The chief of Russian mercenary group Wagner has said that his forces are close to the centre of the front-line city of Bakhmut.
In a video posted on messaging app Telegram on Saturday, Yevgeny Prigozhin is seen standing on the rooftop of a high-rise building in what he claims is Bakhmut.
“This is the building of the town administration, this is the centre of the town,” Prigozhin said in the video, pointing towards a building in the distance.
“It is one kilometre and 200 metres away,” said Prigozhin, who was clad in full military gear.
Al Jazeera was unable to verify the location where the footage was taken.
Speaking as artillery boomed in the background, Prigozhin said that the most important thing now was to receive more ammunition from the army and “move forward”. He said his forces needed 10,000 tonnes of ammunition each month for the battle.
Wagner has been spearheading offensives against cities in eastern Ukraine including Bakhmut, in what has become the longest and bloodiest fight of Russia’s year-long assault. Both sides have suffered heavy losses around Bakhmut.
Prigozhin, an ally of President Vladimir Putin, has been entangled in a power struggle with the defence ministry.
He has several times claimed battlefield victories ahead of Russia’s army, criticised Russia’s top brass and accused the military of not sharing ammunition with his ragtag forces.
In the video released on Saturday he said he was ready to ask Russia’s top commanders for forgiveness but at the same time appeared to mock Russian defence minister Sergei Shoigu and Chief of the General Staff Valery Gerasimov.
He said they were “outstanding military commanders” and added that Russia’s greatest military leaders including Georgy Zhukov and Alexander Suvorov “could have learned” from them.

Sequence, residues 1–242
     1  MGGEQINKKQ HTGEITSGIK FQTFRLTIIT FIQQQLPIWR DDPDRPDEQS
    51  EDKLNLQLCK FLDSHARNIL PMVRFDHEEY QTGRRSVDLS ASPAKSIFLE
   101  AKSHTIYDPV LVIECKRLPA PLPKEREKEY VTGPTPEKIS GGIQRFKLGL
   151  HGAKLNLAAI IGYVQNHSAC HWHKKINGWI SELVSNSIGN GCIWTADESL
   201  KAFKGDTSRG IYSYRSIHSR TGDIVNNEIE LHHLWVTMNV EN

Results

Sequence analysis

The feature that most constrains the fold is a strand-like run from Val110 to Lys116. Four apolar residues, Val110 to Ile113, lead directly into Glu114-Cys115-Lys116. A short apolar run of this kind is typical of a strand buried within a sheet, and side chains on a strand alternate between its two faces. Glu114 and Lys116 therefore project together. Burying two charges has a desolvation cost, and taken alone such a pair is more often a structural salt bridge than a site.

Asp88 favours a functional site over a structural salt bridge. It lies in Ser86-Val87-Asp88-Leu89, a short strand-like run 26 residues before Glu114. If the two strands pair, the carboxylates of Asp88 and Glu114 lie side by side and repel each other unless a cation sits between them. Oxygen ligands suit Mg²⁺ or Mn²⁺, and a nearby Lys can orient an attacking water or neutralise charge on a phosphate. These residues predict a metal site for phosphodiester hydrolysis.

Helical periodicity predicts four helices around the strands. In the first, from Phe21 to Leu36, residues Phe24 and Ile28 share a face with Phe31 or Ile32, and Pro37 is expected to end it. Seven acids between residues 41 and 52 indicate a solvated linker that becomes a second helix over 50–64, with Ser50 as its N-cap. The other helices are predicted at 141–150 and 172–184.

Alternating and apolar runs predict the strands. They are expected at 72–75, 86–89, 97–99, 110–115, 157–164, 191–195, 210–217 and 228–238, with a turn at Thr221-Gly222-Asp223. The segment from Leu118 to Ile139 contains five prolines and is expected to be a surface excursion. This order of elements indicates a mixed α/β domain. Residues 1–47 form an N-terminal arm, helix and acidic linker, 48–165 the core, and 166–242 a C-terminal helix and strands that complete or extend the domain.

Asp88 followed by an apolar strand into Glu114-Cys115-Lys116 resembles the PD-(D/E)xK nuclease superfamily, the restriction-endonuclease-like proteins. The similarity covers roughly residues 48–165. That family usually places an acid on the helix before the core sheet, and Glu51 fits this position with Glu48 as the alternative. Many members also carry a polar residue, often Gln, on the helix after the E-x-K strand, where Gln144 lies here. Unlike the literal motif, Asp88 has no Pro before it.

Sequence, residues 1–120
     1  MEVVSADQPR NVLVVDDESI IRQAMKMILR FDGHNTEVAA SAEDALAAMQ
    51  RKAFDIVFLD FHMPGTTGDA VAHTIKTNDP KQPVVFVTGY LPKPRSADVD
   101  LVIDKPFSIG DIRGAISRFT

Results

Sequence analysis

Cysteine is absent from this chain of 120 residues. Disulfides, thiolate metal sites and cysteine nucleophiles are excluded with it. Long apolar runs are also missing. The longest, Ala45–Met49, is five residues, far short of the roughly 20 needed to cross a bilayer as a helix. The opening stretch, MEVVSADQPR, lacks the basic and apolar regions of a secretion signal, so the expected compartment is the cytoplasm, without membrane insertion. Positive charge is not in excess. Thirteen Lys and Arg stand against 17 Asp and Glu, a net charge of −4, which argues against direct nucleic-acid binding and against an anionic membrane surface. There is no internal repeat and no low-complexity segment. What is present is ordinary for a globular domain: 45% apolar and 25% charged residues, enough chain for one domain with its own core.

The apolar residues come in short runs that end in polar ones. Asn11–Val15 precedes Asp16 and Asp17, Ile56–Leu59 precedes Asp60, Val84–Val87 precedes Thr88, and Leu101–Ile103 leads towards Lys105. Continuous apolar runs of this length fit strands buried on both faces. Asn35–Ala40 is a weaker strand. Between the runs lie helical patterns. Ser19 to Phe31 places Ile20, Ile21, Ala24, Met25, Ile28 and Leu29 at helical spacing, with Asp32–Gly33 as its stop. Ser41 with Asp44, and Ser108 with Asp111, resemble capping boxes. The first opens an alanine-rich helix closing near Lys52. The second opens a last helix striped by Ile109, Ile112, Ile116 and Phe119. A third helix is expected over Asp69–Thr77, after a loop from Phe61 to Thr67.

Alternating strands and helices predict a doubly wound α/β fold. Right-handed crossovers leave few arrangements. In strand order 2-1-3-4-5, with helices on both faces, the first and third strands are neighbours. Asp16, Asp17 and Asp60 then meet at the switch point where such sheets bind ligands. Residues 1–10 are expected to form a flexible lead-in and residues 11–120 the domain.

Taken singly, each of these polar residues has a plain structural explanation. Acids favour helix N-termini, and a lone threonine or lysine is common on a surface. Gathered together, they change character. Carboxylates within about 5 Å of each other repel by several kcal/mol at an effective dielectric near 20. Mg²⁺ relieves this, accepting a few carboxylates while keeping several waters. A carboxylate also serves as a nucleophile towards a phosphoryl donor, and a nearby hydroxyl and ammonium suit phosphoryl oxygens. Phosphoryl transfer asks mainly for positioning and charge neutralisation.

“I absolutely – totally – support all their initiatives,” Prigozhin added.
‘Necessary to buy time’
Earlier this week Wagner said its fighters had captured the eastern part of Bakhmut.
Some military experts have questioned the sense of Ukraine’s continuing defence of the ravaged town, but Kyiv officials say that the fall of Bakhmut could lead to further Russian advances in the east.
The commander of Ukraine’s ground forces, Oleksandr Syrsky, said on Saturday the fight for Bakhmut helps to buy time to prepare for a future counteroffensive.
“The real heroes now are the defenders who are holding the eastern front on their shoulders, and inflicting the heaviest possible losses sparing neither themselves nor the enemy,” Syrsky was quoted as saying in a statement.
“It is necessary to buy time to build reserves and launch a counteroffensive, which is not far off.”
British military intelligence said on Saturday that the Bakhmutka River in the centre of Bakmut now marked the front line.
“Ukrainian forces hold the west of the town and have demolished key bridges over the river, which runs … north-south through a strip of open ground 200 metres-800 metres wide,” the British defence ministry said in an update.
“This area has become a killing zone, likely making it highly challenging for Wagner forces attempting to continue their frontal assault westwards.”
Elsewhere in Ukraine, three civilians were killed in Russian shelling of Kherson, and one other person was killed in the eastern Donetsk region, regional officials said.
Oleksandr Prokudin, the head of Kherson’s regional military administration, said three people, including an elderly woman, were also wounded during the artillery shelling of the city.
“Today the Russian occupiers have hit Kherson again. On a Mykolayivsky road, near a shop, debris from a shell killed three people,” Prokudin told Ukrainian TV, adding that a car, several buses and a commercial property were damaged.
Pavlo Kyrylenko, Donetsk regional governor, said one person was killed and at least three civilians were injured in the city of Kostyantynivka following several rounds of Russian shelling during the day.
Donetsk region has seen some of the heaviest fighting since Russia sent troops into Ukraine on February 24 last year.